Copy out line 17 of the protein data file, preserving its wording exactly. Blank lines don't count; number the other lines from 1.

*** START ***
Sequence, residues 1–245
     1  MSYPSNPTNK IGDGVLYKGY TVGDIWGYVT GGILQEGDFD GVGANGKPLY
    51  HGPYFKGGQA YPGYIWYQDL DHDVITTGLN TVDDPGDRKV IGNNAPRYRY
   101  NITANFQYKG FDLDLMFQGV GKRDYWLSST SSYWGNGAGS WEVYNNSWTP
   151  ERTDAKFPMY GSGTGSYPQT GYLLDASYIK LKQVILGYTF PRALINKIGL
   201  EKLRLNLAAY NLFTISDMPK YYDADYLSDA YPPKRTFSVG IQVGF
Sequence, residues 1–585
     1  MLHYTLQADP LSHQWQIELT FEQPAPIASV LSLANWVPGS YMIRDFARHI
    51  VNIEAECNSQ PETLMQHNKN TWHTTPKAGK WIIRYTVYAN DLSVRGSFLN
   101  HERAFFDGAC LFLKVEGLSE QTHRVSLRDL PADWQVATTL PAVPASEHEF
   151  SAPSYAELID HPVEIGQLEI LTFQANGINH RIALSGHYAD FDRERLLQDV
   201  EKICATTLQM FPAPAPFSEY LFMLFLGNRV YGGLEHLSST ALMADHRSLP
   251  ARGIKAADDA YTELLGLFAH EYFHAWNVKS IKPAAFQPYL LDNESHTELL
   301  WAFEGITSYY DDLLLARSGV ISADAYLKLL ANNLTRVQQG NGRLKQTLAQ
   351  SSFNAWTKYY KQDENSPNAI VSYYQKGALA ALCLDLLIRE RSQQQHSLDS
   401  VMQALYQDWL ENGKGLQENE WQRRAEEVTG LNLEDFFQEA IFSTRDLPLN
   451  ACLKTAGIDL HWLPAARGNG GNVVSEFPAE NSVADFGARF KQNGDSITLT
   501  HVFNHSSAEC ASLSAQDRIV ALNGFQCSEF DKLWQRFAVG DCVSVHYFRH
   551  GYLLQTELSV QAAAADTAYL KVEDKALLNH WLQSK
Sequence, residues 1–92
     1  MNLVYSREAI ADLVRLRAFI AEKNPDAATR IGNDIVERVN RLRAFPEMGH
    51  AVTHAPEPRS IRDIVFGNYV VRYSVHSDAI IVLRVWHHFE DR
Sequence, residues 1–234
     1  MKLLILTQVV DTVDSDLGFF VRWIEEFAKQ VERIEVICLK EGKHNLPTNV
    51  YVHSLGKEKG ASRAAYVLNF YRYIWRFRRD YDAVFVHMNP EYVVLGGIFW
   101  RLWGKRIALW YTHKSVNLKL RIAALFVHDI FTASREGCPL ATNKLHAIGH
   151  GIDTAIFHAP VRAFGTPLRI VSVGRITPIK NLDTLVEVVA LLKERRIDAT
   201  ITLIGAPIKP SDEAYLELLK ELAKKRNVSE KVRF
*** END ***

   451  ACLKTAGIDL HWLPAARGNG GNVVSEFPAE NSVADFGARF KQNGDSITLT